A loophole that allows directors to avoid investigations into their conduct following an insolvency is set to close after new legislation had its first reading in parliament.
Director investigations are always carried out by the Insolvency Service after a company enters compulsory liquidation. Directors can also be investigated if their conduct is called into question during other types of formal insolvency.
These investigations can have serious consequences. In some cases, directors can be made personally liable for any company debts and they can be banned from running a limited company for up to 15 years.
Company directors can currently avoid this scrutiny if they informally strike off their company rather than entering a formal insolvency procedure. New legislation aims to close this legal loophole by preventing the dissolution of companies with active liabilities.
The law would also apply retrospectively, meaning that the Insolvency Service would be able to go back and investigate companies that have already dissolved with outstanding liabilities.
No way to dodge coronavirus loans
It is thought that the new legislation is being driven by a fear that some directors will look to avoid repaying government-backed coronavirus loans by dissolving their company instead of pursuing formal insolvency procedures like liquidation.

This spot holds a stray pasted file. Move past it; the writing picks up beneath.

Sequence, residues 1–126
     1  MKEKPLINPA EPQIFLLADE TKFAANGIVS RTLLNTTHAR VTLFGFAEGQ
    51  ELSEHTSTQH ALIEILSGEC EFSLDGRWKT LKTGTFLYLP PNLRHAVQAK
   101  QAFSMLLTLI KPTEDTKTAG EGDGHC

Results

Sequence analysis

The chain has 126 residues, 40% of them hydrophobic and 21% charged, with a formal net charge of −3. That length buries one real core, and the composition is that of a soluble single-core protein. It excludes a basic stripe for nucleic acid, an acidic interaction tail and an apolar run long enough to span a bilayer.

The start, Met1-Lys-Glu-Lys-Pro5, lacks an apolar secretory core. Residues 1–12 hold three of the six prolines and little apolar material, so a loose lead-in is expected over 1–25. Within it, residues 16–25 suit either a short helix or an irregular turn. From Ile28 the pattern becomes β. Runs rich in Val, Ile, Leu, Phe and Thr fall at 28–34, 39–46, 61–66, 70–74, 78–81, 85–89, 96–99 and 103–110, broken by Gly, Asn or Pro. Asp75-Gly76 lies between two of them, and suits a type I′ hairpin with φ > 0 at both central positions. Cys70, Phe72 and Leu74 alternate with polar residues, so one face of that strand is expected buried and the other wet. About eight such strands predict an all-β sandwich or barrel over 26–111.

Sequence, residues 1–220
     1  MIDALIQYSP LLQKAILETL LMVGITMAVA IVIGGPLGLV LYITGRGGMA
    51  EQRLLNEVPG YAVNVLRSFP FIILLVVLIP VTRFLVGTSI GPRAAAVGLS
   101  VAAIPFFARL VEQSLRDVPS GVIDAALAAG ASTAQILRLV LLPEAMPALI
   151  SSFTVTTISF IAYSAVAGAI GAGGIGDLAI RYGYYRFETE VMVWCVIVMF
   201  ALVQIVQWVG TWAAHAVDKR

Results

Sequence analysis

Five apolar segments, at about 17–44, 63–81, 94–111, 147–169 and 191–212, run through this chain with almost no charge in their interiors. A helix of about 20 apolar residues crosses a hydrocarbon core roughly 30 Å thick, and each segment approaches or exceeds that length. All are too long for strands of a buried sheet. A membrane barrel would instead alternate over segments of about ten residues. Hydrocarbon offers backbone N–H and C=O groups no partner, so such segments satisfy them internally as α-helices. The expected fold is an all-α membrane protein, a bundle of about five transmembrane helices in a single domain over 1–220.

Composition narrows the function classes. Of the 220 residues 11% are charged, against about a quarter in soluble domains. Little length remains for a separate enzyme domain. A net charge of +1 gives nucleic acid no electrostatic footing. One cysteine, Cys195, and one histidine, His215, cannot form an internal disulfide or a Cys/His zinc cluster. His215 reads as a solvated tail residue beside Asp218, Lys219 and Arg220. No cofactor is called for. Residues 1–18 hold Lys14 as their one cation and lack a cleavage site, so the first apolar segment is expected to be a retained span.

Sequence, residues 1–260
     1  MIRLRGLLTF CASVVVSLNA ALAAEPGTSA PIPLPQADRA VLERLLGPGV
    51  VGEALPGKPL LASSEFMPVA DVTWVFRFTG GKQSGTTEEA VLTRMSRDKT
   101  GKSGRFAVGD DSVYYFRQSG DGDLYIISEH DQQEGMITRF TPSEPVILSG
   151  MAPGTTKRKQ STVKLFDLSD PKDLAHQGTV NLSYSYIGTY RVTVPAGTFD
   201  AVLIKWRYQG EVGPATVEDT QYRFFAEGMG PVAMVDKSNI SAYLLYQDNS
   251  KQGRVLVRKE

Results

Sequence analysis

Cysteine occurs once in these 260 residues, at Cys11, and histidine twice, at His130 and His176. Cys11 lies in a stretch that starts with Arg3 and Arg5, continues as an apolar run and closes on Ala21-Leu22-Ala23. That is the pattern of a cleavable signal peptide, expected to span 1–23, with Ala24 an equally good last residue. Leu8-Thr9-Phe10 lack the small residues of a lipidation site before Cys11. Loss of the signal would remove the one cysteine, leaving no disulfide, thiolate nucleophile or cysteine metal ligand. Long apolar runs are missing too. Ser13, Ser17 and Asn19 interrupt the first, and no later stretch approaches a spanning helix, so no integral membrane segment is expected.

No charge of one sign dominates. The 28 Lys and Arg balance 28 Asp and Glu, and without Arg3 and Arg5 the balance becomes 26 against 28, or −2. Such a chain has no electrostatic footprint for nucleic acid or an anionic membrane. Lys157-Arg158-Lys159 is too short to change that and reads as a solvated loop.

The striking-off process is designed for dormant companies that are not threatened by insolvency. Dissolving a company in this way is not currently classed as a formal insolvency procedure, so directors are not subject to investigation.
The right way to close your company
If your business has outstanding liabilities, the correct way to close it down is through a formal liquidation process. Pursuing a liquidation means that all outstanding creditors are treated fairly and indicates that directors are keen to carry out their legal obligations.
Seeking to avoid scrutiny by incorrectly dissolving your company may prompt the Insolvency Service to look more closely into your conduct as director.
If your company has a strong foundation, but is plagued by short-term challenges, then you may be able to pursue alternative processes to ensure long-term business success. This could include pursuing a Company Voluntary Arrangement (CVA), in which you negotiate repayment terms with creditors, or an Administration, which can allow you to restructure your business.
For more information about company insolvencies, speak to a member of the team today. Call: 0800 611 8888.